The Church up Close: Day 2

Having six months to prepare for your first pilgrimage in a foreign land can be a huge blessing, but it can have its drawbacks, as well — the main one being somebody who is already predispositioned to research and organization can become a tad obsessed.

And so it was with me and Rome.

So I started making lists: of things to do and see and eat. But mostly, I made a list of churches. While I never was able to pin down the exact number of churches in Rome, it’s rumored to be in the neighborhood of 900. My list was probably only half of that.

Some of the must-see churches were obvious: The major basilicas or the ones with tremendous historical significance or those that housed incredible pieces of art or jaw-dropping relics.

But one Church, of course, stood above the rest.

The anticipation to step inside St. Peter’s Basilica became greater as our trip neared, but instead of making it the first or second (or third or …) church we saw while in Rome, it was no fewer than the …

Here is a list of churches I saw before stepping into the greatest church in Christendom: San Luigi dei Francesi, Sant’Agnese in Agone, Sant’Andrea della Valle, Basilica of St. Mary and the Martyrs (the Pantheon), Santa Croce in Gerusalemme, the Scala Santa (not a church, but we’re counting it), St. John Lateran, San Clemente, St. Mary Major, Santa Prassede, Santa Maria della Concezione (Google it!), St. Cecilia, Santa Maria in Trastevere, Sant’Ignazio, San Lorenzo in Damaso.

And those are only the ones I can remember off the top of my head.

But on Monday, I finally stepped into the Church built on the site of St. Peter’s tomb. I was stunned by the enormity of it all. The tour, led by Professor Father John Wauck of the Pontifical University of the Holy Cross, was part of Day 2 of “The Church Up Close,” the conference for journalists covering the Church and hosted by the university.

Father Wauck guided the group — about 35 of us representing five continents — around the immense church, sharing his insight into the history of the basilica.

While finally getting to see St. Peter’s was the highlight of the day (and one of the highlights of my life), the other sessions explored into the inner workings of the Church.

We listened to Msgr. Lucio Ruiz, the secretary of the Secretariat of Communications, explain how the new discastery has been charged by Pope Francis to not just reform but “rethink” the way the Holy See gets its message to the people. Its aim over the coming years is to consolidate several entities (Vatican Radio, L’Osservatore Romano, CTV and others) into one that will better serve the Body of Christ.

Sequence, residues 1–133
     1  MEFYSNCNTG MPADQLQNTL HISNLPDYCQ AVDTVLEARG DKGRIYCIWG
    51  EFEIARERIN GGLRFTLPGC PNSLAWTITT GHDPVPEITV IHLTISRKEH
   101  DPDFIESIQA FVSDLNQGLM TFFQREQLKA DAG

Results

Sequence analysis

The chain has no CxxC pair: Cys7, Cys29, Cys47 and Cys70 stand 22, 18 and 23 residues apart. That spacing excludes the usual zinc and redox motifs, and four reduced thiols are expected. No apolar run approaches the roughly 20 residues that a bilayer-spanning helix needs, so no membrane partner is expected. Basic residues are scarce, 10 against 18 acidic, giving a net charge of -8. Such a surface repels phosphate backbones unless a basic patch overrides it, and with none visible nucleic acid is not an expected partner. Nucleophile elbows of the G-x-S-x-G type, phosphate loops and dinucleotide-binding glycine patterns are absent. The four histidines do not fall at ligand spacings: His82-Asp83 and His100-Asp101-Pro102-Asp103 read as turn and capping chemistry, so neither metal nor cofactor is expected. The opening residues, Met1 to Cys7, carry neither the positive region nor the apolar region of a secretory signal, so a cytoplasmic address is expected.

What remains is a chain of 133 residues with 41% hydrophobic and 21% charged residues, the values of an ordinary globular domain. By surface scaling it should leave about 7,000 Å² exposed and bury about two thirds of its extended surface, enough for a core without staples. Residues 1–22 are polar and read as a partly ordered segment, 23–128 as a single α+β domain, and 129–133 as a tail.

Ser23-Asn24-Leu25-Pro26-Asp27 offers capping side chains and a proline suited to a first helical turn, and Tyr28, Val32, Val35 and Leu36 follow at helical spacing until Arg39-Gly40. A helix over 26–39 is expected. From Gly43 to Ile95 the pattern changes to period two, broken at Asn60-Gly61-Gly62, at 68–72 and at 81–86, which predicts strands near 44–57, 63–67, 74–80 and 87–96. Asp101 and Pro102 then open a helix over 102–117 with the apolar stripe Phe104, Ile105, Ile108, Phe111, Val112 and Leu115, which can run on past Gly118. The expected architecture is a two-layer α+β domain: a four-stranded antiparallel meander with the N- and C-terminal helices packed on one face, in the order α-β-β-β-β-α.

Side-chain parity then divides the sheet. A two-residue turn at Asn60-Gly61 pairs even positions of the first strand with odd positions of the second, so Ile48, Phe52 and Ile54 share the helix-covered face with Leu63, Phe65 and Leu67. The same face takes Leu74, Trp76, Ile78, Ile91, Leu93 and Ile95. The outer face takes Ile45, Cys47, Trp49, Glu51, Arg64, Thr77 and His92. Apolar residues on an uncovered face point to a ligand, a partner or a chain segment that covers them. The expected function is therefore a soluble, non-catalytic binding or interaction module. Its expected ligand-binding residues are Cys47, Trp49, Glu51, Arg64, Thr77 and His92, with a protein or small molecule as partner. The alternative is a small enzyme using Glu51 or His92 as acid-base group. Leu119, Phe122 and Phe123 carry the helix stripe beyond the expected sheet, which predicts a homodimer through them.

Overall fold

After lunch (which I ate from the snack shop atop St. Peter’s Basilica after taking the elevator and then 300-plus steps to the cupola that surrounds Michelangelo’s dome), the participants in the conference heard from Fathers Kevin Douglas and Justin Wachs, members of the Congregation for the Doctrine of the Faith. The two priests explained that the CDF has two major functions in the life of the Church: doctrine and discipline. The congregation, the priests explained, has a duty to defend the teachings of Christ and to make sure its ordained representatives uphold their mission faithfully.

The last conference of Day 2 centered on interfaith dialogue and specifically looked at Muslims and their relationship with the Christians as well as with other Muslims. Professor Father Samir Khalil Samir of the Pontifical Oriental Institute in Rome gave the group and tremendous history as to why we are in the midst of “the worst situation in the Islamic world in the last [few] centuries.” Father Samir said the only thing Christians in the Western world can do to help end the extreme violence and persecution in the Middle East is to truly love the Muslims they come in contact with, but one of the components to that love has to be to share the truth of the Faith with them and to show them that hope can only be found in the love of Christ.

“We have to give them our best,” Father Samir said. “And our best includes the Gospels.”

Scott Warden is OSV's associate editor for content. Follow him on Twitter @Scott_OSV